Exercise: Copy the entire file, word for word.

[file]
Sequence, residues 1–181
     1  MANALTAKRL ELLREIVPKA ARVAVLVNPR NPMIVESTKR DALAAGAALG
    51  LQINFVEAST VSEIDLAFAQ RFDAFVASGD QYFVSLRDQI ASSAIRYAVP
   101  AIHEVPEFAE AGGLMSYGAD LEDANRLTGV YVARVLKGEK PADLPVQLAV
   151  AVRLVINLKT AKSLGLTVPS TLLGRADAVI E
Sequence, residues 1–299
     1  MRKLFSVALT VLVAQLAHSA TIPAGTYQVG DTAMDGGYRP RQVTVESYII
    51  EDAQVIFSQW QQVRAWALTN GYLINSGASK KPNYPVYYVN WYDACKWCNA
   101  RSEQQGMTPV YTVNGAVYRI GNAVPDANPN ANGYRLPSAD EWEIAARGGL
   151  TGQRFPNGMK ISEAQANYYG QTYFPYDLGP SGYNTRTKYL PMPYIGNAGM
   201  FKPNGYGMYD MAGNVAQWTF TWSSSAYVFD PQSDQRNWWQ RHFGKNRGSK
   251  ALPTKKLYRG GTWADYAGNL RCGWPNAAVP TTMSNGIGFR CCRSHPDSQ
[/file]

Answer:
Sequence, residues 1–181
     1  MANALTAKRL ELLREIVPKA ARVAVLVNPR NPMIVESTKR DALAAGAALG
    51  LQINFVEAST VSEIDLAFAQ RFDAFVASGD QYFVSLRDQI ASSAIRYAVP
   101  AIHEVPEFAE AGGLMSYGAD LEDANRLTGV YVARVLKGEK PADLPVQLAV
   151  AVRLVINLKT AKSLGLTVPS TLLGRADAVI E
Sequence, residues 1–299
     1  MRKLFSVALT VLVAQLAHSA TIPAGTYQVG DTAMDGGYRP RQVTVESYII
    51  EDAQVIFSQW QQVRAWALTN GYLINSGASK KPNYPVYYVN WYDACKWCNA
   101  RSEQQGMTPV YTVNGAVYRI GNAVPDANPN ANGYRLPSAD EWEIAARGGL
   151  TGQRFPNGMK ISEAQANYYG QTYFPYDLGP SGYNTRTKYL PMPYIGNAGM
   201  FKPNGYGMYD MAGNVAQWTF TWSSSAYVFD PQSDQRNWWQ RHFGKNRGSK
   251  ALPTKKLYRG GTWADYAGNL RCGWPNAAVP TTMSNGIGFR CCRSHPDSQ